Not a lot to do here in San Jose so I'm going to head out of here this afternoon. In the week I've been in Central America I've only stayed in one place more than one night. But I have to stay moving to cover all of it in only 6 weeks. Nobody really spends much time here anyway...it's more of a weigh station for people on their way out to the wilderness areas. I spent the day wandering about the town...so far I've seen very few street signs in Central America...maybe one in 10 intersections will have one sign somewhere if you look long enough. And occasionally, you'll see the random sign on a building telling you what street you're on, but mainly you have to navigate with landmarks and by counting blocks...or just keep asking directions.
As far as asking directions goes I take a different approach down here. At home I almost never ask for directions. I generally have a map with me, or a pretty good idea of where I am going so to have to ask directions seems a failure on my part...thus I do not do it. Also I like to figure things out and since the layout of the roads usually make sense one should be able to figure out where they are going without too much trouble. Here, on the other hand, I cannot count on the road grid making sense and more often than not have no map, so I ask directions. Furthermore, it is an excuse to talk to someone and practice my Spanish. However, the help I get is generally very limited in its value. Oftentimes, the locals will not seem to know what the name of the street we are standing on is or will reference points or buildings that I am unfamiliar with. And they generally give directions by saying -go up 3 blocks- or -at the corner go down a block- without telling you which corner or other point of reference from your initial location. But you normally can determine which way is -down- or -up- since a lot of these cities are near the ocean, other body of water, or mountain. I tend to have a hard time with the directions, in any case, and generally just head off for a ways in the direction they point and then ask someone else.
At any rate, the only thing of note I did here was visit the embassy to get more pages in my passport. Surprisingly I got that accomplished in a little over an hour despite the hordes of people inside. Turned out to be an entertaining hour as an older, retired gentlemen sat next to me in the 'US passport help' line and began by asking me with a smirk..."What did you lose your passport?" I informed I was there to get more pages and he mentioned that he had to do that 4 times with his last passport and that it was as thick as a dictionary when it expired. He also apparently fought off armed Mexican bandits with a wrench when they attacked his 'convoy' when he was moving down here, rode 36 hours non-stop from Reno to Omaha on a 600cc motorcycle, and was involved in the creation of a water-powered dune buggy. The head man on the dune buggy project was apparently poisoned by the government because the government is in the pockets of the Saudis. Entertaining if nothing else, although I think the information he had about retiring in Panama was at least half accurate. I also talked with two other guys that had had ALL their stuff stolen (which is definitely something you pray doesn't ever happen); one of them said he didn't have a police report because the incident happened right in front of police so he didn't see the point. CR seems fairly safe but if you don't watch your stuff someone will most definitely relieve you of it.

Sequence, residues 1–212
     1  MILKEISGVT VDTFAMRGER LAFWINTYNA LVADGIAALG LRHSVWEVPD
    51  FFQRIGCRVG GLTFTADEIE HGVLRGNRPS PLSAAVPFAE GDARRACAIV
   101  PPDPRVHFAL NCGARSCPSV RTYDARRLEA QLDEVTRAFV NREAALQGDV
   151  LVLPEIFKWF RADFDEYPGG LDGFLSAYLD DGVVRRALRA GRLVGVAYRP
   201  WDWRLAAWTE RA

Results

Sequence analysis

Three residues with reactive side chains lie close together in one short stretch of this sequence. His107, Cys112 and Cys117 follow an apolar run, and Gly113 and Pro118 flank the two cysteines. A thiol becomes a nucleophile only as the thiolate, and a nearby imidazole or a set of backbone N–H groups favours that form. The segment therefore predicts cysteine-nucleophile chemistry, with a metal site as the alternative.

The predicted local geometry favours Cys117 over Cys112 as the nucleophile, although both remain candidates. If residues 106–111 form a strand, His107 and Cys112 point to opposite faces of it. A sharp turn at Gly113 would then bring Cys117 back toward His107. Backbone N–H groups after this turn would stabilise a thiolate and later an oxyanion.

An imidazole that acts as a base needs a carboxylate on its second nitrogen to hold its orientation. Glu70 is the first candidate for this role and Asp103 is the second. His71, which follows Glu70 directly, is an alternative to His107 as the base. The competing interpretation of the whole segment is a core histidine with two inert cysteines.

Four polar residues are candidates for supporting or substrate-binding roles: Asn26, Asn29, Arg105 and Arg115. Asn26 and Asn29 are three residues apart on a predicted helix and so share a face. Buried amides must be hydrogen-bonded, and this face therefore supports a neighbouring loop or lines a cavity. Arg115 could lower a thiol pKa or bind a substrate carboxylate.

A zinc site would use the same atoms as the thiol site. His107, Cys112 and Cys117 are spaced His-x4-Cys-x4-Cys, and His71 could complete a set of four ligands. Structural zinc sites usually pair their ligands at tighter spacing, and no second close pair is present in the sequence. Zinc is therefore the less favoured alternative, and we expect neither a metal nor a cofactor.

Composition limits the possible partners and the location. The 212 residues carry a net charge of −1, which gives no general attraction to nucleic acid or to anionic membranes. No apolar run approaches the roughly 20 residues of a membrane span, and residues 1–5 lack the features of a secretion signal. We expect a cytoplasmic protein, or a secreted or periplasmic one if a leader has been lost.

The photos are of cows...what passes for art down here... They are all over the city in different parks and tourist areas. The park with this particular cow is home to a large memorial to the defeat of William Walker. Mr. Walker and his private army tried to make several different Latin American coutries/regions into US states during the mid 1800´s. He was actually tried and acquitted of ¨conducting an illegal war¨ in Baja. In the end, he failed in all attemps obviously, and was executed by the Hondurans at the behest of the British in whose interests his ends were at odds . The Nicaraguans (whom he actually ruled over briefly) apparently celebrate his defeat every year, although I´m not sure why the celebration given Nicaragua´s status as the poorest country in the hemisphere save Haiti. But then a win is a win and national pride is a funny thing...¨it may not be that great...but it´s ours!¨